The Peruvian Villager Who Led Hundreds of His Countrymen to Judaism and Israel

Aug. 22 2022

Zerubbabel Tzidkiya, born Segundo Villanueva in 1927 in the Andean village of Rodacocha, died in 2008 and was buried on the Mount of Olives in Jerusalem. While his story, and those of the hundreds of his fellow Peruvians whom he led to Judaism, has been told before, Graciela Mochkofsky contends that it has often been gotten wrong—including, she admits, by herself. In a new edition of her 2006 book on the subject, she hopes to set the record straight. Renee Ghert-Zand writes in her review:

The story . . . began with Villanueva, at the time a young carpenter, reading the Bible and gathering groups of people around him to read and discuss it with him. Villanueva’s questions and desire to comprehend the true meaning of the word of God were ceaseless. He would engage anyone willing to study. He reached out to local religious scholars and leaders at the Protestant congregations that were cropping up for the first time in Cajamarca, where he lived.

But when he started to ask challenging questions, doors were closed in his face. Taking the Bible in a very literal sense, Villanueva could not understand why the Christians he knew observed the Sabbath on Sunday, in contradiction to what was written in the Five Books of Moses. He eventually joined a church that not only made sense to him but was also welcoming: the Seventh-Day Adventist Reform Movement.

But after some time, Villanueva still didn’t feel right about where he was. So, in 1962, he founded his own church, Israel of God. . . . Still identifying as Christians, members of Israel of God set up congregations in several locations in central-northern Peru, including a small settlement they build themselves in the Amazon in 1967 that they named Hebron.

It wasn’t until Villanueva was able to access a religious bookstore in Peru that sold a variety of translations of the Bible that he realized that translation by default involves errors and interpretations. . . . Ultimately he concluded that Jesus was not the messiah and that he and his flock must become Jews. They would be known as the Bnei Moshe. . . . Then began the complicated politics of the Bnei Moshe’s conversion to Judaism and aliyah to Israel.

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Read more at Times of Israel

More about: Aliyah, Conversion, Latin America

Condemning Terrorism in Jerusalem—and Efforts to Stop It

Jan. 30 2023

On Friday night, a Palestinian opened fire at a group of Israelis standing outside a Jerusalem synagogue, killing seven and wounding several others. The day before, the IDF had been drawn into a gunfight in the West Bank city of Jenin while trying to arrest members of a terrorist cell. Of the nine Palestinians killed in the raid, only one appears to have been a noncombatant. Lahav Harkov compares the responses to the two events, beginning with the more recent:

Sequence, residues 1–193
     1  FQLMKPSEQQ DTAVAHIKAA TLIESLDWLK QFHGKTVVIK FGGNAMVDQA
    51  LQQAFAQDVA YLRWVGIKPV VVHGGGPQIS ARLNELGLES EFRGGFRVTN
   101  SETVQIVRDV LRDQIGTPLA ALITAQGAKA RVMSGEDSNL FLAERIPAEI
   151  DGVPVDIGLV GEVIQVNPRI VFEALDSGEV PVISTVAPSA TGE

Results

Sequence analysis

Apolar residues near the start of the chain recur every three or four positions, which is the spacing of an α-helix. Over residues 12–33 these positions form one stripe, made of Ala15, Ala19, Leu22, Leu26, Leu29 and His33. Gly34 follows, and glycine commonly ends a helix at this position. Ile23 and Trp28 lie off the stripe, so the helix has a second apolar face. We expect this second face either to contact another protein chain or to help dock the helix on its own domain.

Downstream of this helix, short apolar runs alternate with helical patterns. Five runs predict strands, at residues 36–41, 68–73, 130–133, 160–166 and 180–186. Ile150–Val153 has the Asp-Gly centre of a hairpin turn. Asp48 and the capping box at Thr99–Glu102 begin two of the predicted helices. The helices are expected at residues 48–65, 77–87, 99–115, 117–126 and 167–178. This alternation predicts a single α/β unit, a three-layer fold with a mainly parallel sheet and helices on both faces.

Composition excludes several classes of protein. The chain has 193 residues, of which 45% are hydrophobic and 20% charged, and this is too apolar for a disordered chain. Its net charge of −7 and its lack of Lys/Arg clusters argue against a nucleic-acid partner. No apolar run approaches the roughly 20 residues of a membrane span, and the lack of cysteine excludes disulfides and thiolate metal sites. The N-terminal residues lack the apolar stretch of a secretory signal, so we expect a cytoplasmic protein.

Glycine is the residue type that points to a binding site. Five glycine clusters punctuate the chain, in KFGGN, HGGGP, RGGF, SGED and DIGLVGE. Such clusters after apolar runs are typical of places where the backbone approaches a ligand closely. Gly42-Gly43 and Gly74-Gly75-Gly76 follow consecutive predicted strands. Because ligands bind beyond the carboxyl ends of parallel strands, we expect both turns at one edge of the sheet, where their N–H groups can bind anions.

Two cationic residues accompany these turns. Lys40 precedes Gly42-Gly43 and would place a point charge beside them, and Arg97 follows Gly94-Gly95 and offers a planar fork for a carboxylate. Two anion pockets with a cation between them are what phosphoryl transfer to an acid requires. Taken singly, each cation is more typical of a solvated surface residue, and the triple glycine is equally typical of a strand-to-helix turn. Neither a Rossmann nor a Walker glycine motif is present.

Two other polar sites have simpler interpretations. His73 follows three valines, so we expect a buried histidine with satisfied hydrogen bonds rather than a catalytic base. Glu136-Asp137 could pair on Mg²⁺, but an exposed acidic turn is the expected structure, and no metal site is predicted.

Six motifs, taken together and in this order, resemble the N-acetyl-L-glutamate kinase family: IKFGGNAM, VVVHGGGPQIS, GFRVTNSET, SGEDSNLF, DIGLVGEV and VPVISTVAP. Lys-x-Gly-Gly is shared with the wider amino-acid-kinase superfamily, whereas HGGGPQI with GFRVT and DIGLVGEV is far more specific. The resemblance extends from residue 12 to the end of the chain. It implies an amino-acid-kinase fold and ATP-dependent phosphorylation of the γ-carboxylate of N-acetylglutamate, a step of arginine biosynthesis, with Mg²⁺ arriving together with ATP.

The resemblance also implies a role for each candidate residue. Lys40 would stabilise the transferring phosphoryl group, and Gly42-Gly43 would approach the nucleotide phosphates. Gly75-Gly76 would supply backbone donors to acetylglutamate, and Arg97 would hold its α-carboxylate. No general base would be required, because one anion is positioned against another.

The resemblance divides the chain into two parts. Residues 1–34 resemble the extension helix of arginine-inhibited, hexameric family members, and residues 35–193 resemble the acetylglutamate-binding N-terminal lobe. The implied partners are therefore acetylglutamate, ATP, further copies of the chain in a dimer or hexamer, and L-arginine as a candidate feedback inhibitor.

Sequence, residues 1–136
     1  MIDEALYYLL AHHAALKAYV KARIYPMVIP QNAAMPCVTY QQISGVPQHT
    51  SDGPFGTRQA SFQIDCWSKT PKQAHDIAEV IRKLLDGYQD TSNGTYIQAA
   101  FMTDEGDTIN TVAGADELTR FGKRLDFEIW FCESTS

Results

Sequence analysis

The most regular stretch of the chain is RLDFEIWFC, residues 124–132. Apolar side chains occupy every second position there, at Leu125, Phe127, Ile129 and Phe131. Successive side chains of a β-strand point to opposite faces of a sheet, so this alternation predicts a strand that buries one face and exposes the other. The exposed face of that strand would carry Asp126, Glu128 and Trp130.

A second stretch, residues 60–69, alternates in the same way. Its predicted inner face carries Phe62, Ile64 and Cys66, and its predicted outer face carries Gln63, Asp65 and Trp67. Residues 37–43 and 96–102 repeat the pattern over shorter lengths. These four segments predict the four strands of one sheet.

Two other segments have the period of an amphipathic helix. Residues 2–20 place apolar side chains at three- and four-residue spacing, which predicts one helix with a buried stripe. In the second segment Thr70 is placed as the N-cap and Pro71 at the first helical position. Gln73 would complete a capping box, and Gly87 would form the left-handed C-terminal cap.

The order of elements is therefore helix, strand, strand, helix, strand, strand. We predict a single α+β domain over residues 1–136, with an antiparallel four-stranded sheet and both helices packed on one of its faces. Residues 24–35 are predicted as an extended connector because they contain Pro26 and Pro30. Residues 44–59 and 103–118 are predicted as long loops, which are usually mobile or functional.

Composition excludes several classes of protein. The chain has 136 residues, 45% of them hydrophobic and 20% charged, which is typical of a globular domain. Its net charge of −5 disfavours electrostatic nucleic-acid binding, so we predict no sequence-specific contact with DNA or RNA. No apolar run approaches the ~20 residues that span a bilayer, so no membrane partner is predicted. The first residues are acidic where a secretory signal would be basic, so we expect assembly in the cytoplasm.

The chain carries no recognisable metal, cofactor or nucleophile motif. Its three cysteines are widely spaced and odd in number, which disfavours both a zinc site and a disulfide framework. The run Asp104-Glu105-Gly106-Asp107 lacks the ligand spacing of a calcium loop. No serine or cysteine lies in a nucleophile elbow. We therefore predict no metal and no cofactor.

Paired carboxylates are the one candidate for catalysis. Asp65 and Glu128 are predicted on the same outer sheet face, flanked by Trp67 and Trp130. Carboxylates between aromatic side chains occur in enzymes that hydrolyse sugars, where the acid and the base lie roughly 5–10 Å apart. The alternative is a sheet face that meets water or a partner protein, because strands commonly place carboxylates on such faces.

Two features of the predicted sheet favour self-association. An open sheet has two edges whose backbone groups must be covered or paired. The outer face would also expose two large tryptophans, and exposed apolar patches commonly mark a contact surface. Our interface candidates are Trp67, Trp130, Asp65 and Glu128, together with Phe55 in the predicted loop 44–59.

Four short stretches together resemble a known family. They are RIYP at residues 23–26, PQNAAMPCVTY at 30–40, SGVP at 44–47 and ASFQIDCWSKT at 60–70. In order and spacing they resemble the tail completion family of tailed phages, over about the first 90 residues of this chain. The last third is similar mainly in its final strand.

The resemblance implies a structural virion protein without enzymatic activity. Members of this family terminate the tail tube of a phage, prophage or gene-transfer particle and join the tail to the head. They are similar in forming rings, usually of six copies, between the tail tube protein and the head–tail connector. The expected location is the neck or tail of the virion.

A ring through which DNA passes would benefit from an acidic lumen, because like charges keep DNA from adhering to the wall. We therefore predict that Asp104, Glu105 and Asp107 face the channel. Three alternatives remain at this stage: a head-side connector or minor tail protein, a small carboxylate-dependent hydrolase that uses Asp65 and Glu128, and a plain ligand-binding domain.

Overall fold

President Joe Biden called Prime Minister Benjamin Netanyahu to denounce the attack, offer his condolences, and express his commitment to Israel’s security. Other leaders released supportive statements as well. Governments across Europe condemned the attack. Turkey’s foreign ministry did the same, as did Israel’s Abraham Accords partners the UAE and Bahrain. Even Saudi Arabia released a statement against the killing of civilians in Jerusalem.

It feels wrong to criticize those statements. . . . But the condemnations should be full-throated, not spoken out of one side of the mouth while the other is wishy-washy about what it takes to stave off terrorism. These very same leaders and ministries were tsk-tsking at Israel for doing just that only a day before the attacks in Jerusalem.

The context didn’t seem to matter to some countries that are friendly to Israel. It didn’t matter that Israel was trying to stop jihadists from attacking civilians; it didn’t matter that IDF soldiers were attacked on the way.

It’s very easy for some to be sad when Jews are murdered. Yet, at the same time, so many of them are uncomfortable with Jews asserting themselves, protecting themselves, arming themselves against the bloodthirsty horde that would hand out bonbons to celebrate their deaths. It’s a reminder of how important it is that we do just that, and how essential the state of Israel is.

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Read more at Lahav’s Newsletter

More about: Jerusalem, Palestinian terror